Since Congress established Election Day, slavery was abolished and women gained the right to vote.
This Tuesday, November 8, tens of millions of Americans will embark on the same ritual they have followed for years or decades: Every first Tuesday after the first Monday of November, they vote.
But why is Election Day on this specific Tuesday in November?
As the Federal Election Commission previously explained, this has to do with very specific considerations that Congress had in mind back in 1845 when it set a standardized voting day:
For much of our history, America was a predominantly agrarian society. Lawmakers therefore took into account that November was perhaps the most convenient month for farmers and rural workers to be able to travel to the polls. The fall harvest was over, (remember that spring was planting time and summer was taken up with working the fields and tending the crops) but in the majority of the nation the weather was still mild enough to permit travel over unimproved roads.
Why Tuesday? Since most residents of rural America had to travel a significant distance to the county seat in order to vote, Monday was not considered reasonable since many people would need to begin travel on Sunday. This would, of course, have conflicted with Church services and Sunday worship.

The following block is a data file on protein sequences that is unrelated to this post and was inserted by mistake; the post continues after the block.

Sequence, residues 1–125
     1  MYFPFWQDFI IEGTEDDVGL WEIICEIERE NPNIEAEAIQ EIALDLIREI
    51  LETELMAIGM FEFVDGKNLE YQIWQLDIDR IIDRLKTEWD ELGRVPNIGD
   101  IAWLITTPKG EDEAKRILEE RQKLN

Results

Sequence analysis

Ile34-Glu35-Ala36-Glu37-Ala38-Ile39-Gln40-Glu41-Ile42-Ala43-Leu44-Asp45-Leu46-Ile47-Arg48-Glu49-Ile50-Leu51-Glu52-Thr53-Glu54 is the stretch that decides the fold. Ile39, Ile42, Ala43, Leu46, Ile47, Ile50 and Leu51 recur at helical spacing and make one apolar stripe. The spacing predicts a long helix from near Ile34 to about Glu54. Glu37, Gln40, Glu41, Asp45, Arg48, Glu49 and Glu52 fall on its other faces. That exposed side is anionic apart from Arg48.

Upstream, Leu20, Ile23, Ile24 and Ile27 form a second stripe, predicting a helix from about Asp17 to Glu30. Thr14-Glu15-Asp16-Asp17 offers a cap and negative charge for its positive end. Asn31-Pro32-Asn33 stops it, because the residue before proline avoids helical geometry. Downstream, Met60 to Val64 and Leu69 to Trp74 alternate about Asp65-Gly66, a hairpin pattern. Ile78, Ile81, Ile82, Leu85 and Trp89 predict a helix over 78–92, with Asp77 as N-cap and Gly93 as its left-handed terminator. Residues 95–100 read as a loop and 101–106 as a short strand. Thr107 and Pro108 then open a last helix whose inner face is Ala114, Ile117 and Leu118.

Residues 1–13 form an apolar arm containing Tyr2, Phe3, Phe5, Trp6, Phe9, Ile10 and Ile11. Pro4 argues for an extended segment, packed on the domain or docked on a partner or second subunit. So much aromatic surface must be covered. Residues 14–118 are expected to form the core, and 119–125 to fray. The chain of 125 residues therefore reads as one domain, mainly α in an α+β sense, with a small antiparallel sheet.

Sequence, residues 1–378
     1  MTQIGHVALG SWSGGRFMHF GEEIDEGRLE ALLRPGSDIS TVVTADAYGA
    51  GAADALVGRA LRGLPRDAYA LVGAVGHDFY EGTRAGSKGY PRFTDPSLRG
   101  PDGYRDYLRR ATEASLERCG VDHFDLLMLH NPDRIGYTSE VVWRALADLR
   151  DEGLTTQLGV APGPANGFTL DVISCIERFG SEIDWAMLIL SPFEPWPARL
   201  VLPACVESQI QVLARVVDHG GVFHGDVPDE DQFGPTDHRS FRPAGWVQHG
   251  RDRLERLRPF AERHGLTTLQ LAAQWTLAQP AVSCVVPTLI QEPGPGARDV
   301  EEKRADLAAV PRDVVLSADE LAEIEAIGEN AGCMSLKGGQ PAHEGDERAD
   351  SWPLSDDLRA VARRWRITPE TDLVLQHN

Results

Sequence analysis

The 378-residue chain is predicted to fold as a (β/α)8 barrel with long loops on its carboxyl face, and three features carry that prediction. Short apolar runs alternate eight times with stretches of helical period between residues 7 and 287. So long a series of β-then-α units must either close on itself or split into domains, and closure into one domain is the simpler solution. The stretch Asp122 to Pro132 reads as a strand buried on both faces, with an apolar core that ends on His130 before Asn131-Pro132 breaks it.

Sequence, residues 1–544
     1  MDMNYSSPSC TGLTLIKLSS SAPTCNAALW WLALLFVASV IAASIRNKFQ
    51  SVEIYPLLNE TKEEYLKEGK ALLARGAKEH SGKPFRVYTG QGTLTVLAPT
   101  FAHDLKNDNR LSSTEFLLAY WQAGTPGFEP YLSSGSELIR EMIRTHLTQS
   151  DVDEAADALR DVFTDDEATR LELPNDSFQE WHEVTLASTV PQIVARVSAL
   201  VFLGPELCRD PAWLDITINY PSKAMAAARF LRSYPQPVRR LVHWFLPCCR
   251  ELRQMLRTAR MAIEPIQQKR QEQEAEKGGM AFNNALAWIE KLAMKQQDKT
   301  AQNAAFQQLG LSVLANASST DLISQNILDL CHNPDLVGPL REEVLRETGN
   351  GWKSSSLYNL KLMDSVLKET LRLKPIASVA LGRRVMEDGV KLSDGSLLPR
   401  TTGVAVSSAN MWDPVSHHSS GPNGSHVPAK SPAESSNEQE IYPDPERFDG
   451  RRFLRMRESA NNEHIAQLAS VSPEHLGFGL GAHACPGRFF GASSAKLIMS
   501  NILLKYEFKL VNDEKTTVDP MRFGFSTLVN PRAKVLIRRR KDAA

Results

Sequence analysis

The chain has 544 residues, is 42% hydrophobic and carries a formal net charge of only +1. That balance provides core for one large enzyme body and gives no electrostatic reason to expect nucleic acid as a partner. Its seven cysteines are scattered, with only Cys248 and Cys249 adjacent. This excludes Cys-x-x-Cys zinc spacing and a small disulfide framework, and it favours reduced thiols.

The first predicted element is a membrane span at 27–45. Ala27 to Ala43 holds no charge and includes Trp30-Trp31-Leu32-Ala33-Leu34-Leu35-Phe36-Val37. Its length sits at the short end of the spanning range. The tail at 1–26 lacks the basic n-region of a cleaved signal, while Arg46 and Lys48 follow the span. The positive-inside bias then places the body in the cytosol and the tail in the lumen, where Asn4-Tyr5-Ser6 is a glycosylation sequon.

Why the first Tuesday after the first Monday? Lawmakers wanted to prevent election day from falling on the first of November for two reasons. First, November 1st is All Saints Day, a Holy Day of Obligation for Roman Catholics. Second, most merchants were in the habit of doing their books from the preceding month on the 1st. Apparently, Congress was worried that the economic success or failure of the previous month might prove an undue influence on the vote!
Essentially, Congress set up a day that would most accommodate a bunch of (white, male) farmers’ working, traveling, and religious practices.
But as anyone with a cursory knowledge of history can guess, a lot has happened since this hypothetical white male farmer was the primary American voter — hence why, for many Americans, the timing of Election Day can feel very arbitrary and inconvenient.